World Food Prices Will Probably Decline This Year, UN Says
“We’re expecting that prices will not be growing,” da Silva, 62, said at a press conference in Rome today. “There will be some reductions. Volatility will remain.”
Declines probably will be smaller than in 2009, according to the director general. As of February of that year, an index (FAOFOODI) of world food prices compiled by the FAO had slumped 37 percent in 14 months. The gauge dropped 9.5 percent through last November from a record high in February 2011 as dairy, grain and sugar prices retreated.
Da Silva, a former Brazilian minister of food security, took over at the FAO as of Jan. 1 following his election in June. He succeeded Senegal-born Jacques Diouf, who spent 18 years at the head of the biggest UN agency.
The FAO, whose Latin motto “Fiat panis” means “Let there be bread,” was set up in 1945 as a specialized UN agency. Its mandate includes raising nutrition levels and agricultural productivity, and da Silva said he’s “optimistic” the FAO can make progress in reducing hunger.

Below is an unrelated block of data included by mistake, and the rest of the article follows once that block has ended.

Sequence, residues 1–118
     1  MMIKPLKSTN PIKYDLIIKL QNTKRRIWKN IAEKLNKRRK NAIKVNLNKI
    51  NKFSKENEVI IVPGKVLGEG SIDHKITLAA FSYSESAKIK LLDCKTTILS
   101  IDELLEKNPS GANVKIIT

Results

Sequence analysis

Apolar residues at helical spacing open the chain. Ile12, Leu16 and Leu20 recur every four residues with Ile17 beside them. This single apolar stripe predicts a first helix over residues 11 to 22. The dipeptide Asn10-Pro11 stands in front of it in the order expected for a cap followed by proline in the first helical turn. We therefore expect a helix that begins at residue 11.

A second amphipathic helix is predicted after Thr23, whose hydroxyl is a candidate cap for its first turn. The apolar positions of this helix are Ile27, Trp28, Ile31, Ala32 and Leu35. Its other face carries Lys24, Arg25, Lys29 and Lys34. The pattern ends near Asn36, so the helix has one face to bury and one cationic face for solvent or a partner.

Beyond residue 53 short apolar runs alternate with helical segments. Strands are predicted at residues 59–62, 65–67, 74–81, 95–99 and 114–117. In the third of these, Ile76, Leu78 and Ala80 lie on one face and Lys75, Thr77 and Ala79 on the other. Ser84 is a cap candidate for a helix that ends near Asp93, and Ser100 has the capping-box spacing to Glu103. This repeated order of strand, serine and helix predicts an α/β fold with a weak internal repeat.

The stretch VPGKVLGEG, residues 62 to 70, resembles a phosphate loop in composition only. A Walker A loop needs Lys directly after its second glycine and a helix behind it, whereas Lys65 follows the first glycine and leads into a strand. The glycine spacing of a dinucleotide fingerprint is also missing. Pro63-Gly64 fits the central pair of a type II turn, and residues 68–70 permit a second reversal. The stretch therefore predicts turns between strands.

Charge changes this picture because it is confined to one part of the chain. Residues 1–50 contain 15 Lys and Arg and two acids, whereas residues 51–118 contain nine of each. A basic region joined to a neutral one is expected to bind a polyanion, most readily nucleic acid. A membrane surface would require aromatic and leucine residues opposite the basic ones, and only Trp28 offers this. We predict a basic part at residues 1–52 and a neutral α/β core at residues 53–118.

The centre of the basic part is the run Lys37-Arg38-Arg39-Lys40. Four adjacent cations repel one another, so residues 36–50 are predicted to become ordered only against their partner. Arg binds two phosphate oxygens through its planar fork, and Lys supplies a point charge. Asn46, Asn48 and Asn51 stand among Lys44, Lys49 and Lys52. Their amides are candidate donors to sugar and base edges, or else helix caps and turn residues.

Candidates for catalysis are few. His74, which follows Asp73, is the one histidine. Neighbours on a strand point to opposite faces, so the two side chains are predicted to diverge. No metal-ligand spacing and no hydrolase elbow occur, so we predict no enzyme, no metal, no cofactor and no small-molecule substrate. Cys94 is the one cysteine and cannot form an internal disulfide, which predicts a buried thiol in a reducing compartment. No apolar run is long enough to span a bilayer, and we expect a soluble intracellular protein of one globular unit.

“It’s cheaper to eradicate hunger than to live with illness and child mortality, and children who go to school and don’t learn because they’re hungry,” da Silva said. “All of this, once added up, has a much higher cost.”
The director general headed the “Zero Hunger” plan started in 2003 by Luiz Inacio Lula da Silva, Brazil’s president at the time. The FAO awarded Lula the 2011 World Food Prize for the initiative, which reduced hunger in Brazil by half and cut the portion of people living in extreme poverty to 4.8 percent in 2009 from 12 percent in 2003, according to the UN agency.
“The starting point is to recognize that one size does not fit all,” da Silva said. “It’s very important for each country to find the way out of poverty based on their own experience. There is no general formula. There is no silver bullet to cure hunger.”
His experience with “Zero Hunger” shows government action alone is insufficient to fight a lack of food, the director general said. Civil society and the private sector should also be involved, he said.
The number of people facing hunger worldwide declined to 925 million in 2010 from more than 1 billion in 2009, according to the FAO’s most recent estimate.
“I don’t expect a dramatic increase in world hunger” this year, da Silva said. “What we have is dramatic enough.”
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